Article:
Farber: ‘Never again’ has become ‘again and again’

Keynote speaker Bernie Farber (second from right) at the launch of Holocaust Education Month with (from left) Jewish Federation of Ottawa President and CEO Andrea Freedman, Israeli Ambassador Rafael Barak, Shoah Committee Chair Mina Cohn, and event MC Laurence Wall. (Photo: Francie Greenspoon)

Keynote speaker Bernie Farber (second from right) at the launch of Holocaust Education Month with (from left) Jewish Federation of Ottawa President and CEO Andrea Freedman, Israeli Ambassador Rafael Barak, Shoah Committee Chair Mina Cohn, and event MC Laurence Wall. (Photo: Francie Greenspoon)

Holocaust Education Month launch event keynote speaker Bernie Farber describes Canada’s treatment of First Nations peoples as “genocide” and asks, “Is our conscience clear?” Louise Rachlis reports.

“Tonight my own thoughts are laced with tears, confusion and questions about human kind,” said Bernie Farber as he spoke about Kristallnacht and the Holocaust. “There have been things in Jewish history too horrible to be believed, but not too horrible to have happened.”

Farber was the keynote speaker, November 9 at the Soloway Jewish Community Centre, for the official launch of Holocaust Education Month in Ottawa.

Farber, who grew up in Ottawa, is the son of a Polish Jew who lost his first wife, two children and other family members in the Holocaust.

He said up to one-and-a-half million Armenians were murdered in the first genocide of the modern era, and Hitler said, “Who remembers the Armenians?”

The “book on the Holocaust of the 20th Century that should have closed, is still open,” he said, mentioning later genocides in Cambodia, Kosovo, Darfur, Rwanda, and “casting our eyes to the present day,” massacres in Africa and Syria. “‘Never again’ has, sadly, become ‘again and again.’ While we have a tendency to look over there, it is here as well.”

He said, “The question for tonight is ‘Is our conscience clear?’”

Farber, the former CEO of the Canadian Jewish Congress, is now senior vice-president for government and external relations at Gemini Power Corporation, which helps First Nations reserves in Northern and Northwestern Ontario build sustainable industries.

He said it’s time for Canadians to “accept the sad truth” that the Canadian government engaged in genocide of First Nations people during the 19th and 20th centuries. What has been done in Canada fits the definition of genocide, he said, citing nutrition experiments, residential schools, adoption by non-aboriginal families and being allowed to die from tuberculosis.

Canada recognizes five genocides, he said, citing the Holocaust and the Ukrainian, Armenian, Rwandan and Yugoslavian genocides.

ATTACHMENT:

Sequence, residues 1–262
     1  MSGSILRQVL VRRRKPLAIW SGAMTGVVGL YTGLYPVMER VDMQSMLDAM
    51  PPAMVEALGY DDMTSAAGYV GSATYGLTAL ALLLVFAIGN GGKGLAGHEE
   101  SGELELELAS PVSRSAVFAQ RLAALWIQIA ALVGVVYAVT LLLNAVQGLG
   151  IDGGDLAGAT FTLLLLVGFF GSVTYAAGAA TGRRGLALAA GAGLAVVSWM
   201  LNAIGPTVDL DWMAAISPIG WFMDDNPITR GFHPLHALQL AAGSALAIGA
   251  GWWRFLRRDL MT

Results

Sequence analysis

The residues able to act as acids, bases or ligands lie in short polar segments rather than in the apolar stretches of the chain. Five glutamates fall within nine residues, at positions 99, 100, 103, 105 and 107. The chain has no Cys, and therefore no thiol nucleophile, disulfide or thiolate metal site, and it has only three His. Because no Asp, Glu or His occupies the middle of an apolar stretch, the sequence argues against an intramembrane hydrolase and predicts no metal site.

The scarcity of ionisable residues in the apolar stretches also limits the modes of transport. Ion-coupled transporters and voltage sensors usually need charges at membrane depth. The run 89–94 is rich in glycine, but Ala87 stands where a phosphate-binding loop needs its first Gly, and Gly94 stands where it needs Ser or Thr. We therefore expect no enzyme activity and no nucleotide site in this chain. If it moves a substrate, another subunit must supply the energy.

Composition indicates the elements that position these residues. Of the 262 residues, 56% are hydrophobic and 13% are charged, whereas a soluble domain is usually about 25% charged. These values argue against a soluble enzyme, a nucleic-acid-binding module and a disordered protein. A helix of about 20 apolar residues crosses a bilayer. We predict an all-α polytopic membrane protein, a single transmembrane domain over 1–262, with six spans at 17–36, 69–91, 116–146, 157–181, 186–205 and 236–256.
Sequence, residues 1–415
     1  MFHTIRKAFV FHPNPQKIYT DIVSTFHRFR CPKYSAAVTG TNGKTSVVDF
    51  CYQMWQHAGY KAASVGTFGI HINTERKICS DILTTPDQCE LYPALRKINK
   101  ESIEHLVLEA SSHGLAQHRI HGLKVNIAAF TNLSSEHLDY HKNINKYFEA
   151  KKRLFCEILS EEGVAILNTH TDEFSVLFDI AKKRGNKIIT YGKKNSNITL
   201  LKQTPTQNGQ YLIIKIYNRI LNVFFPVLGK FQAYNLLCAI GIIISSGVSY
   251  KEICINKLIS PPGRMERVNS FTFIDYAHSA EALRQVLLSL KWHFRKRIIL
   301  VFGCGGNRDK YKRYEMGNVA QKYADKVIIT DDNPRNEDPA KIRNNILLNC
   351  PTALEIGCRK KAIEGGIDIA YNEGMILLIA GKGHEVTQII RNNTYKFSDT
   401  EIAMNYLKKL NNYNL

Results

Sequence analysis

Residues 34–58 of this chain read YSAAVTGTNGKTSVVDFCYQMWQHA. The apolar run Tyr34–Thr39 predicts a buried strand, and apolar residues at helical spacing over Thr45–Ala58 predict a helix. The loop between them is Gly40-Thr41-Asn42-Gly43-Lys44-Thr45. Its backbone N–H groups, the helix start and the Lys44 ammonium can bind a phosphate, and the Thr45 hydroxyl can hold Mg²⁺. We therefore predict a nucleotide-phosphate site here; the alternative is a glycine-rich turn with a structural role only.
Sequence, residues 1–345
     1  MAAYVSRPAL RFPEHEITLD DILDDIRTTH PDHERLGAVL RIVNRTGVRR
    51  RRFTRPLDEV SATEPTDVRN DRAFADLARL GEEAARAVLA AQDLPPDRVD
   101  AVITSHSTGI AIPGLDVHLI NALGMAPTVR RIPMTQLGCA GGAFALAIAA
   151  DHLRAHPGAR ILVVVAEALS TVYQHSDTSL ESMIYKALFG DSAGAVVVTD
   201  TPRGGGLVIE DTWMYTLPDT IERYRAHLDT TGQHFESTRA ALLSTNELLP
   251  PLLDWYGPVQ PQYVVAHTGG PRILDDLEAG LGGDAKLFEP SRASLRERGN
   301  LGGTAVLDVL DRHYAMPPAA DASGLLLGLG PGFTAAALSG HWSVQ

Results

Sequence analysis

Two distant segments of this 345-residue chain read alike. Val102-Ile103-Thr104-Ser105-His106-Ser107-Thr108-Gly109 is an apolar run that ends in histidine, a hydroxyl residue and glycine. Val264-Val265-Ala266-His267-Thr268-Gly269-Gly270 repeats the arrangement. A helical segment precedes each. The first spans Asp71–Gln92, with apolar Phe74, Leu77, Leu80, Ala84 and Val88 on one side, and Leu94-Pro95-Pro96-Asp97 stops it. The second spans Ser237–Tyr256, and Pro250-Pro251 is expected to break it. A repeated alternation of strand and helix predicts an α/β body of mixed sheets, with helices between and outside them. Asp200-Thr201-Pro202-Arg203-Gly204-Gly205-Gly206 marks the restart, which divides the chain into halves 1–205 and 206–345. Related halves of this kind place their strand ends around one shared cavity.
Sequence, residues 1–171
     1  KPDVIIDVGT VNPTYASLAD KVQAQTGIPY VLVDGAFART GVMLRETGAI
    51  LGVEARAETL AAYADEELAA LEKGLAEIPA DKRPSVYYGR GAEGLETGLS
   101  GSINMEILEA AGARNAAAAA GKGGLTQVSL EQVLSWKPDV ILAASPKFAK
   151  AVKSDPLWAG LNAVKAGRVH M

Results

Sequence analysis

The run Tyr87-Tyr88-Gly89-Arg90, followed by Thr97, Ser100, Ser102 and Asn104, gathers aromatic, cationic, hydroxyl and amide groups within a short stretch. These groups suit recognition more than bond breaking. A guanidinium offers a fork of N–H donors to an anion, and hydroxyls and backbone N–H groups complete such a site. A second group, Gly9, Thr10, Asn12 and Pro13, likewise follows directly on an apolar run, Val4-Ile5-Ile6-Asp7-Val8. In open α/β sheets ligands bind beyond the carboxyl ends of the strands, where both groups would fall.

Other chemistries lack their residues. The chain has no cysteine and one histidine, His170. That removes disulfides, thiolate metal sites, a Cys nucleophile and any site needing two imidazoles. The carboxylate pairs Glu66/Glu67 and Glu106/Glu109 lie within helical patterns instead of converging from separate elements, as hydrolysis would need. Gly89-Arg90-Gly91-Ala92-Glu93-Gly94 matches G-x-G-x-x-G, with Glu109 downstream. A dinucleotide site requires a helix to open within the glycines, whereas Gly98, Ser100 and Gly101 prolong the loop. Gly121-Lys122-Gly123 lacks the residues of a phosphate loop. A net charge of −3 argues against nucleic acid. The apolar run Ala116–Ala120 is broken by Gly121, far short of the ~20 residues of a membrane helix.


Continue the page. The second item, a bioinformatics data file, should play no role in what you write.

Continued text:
“The time has come for Canada to recognize the sixth genocide, in search of a name but not of historical facts,” he said, referring to Canada’s First Nations. “A national conversation is now engaged.”

CBC Ottawa radio news anchor Laurence Wall was the evening’s MC.

“What do we do about the short attention span of the world?” Wall asked Farber during the question period.

“We are living in a time of outrage after outrage,” Farber said. “We have done as Jews an exceptionally good job of educating about the Shoah. This is what has to be done. There is only one antidote, and it is remembering history. Education is paramount … We are teachers and we have long, long memories. We will continue to teach those lessons, and it’s the only way forward.”

To a question on anti-Semitism in France, he replied, “Despite how you feel about the French government or the U.K. government, they do take this seriously. It is not Hitler … We are certainly not turning our backs. Democratic nations will protect their citizens.”

To another question on Iran’s nuclear capability, he said, “I believe one thing: the State of Israel is very focussed on this. The Jews fully understand the lessons of ‘never again.’”

Mina Cohn, chair of the Shoah Committee of the Jewish Federation of Ottawa, and Karen Palayew, Ottawa chair of March of the Living, presented Queen’s University student Nathan Cantor with special recognition for Outstanding Student Leadership in Holocaust Education and Remembrance.

Cohn said Cantor returned from the March of the Living and organized two events for Jewish and non-Jewish students: a screening of the film Paperclips, which uses individual paper clips to represent each of the six million Jewish lives lost during the Holocaust; and a student assembly on the Holocaust at Sir Robert Borden High School.

Seven March of the Living alumni – Madeleine Burke, Jordan Geist, Abby Greenberg, Rachel Kardish, Joshua Kofsky, Jacob Melamed and Matthew Silverman – presented a timeline of some of the hundreds of little steps leading up to the Holocaust and compared them to events like the wave of anti-Semitism in Europe this past summer.

“We feel it is our duty to make sure ‘never again’ doesn’t become ‘again and again,’” they said.

In attendance were many Holocaust survivors as well as dignitaries, including community rabbis, Israeli Ambassador Rafael Barak, MPPs Yasir Naqvi and John Fraser, and MP Royal Galipeau.

Nathan Cantor (centre) receives special recognition for Outstanding Student Leadership in Holocaust Education and Remembrance at the launch of Holocaust Education Month, November 9, from Shoah Committee Chair Mina Cohn (right) and Ottawa March of the Living Chair Karen Palayew. (Photo: Francie Greenspoon)

Nathan Cantor (centre) receives special recognition for Outstanding Student Leadership in Holocaust Education and Remembrance at the launch of Holocaust Education Month, November 9, from Shoah Committee Chair Mina Cohn (right) and Ottawa March of the Living Chair Karen Palayew. (Photo: Francie Greenspoon)

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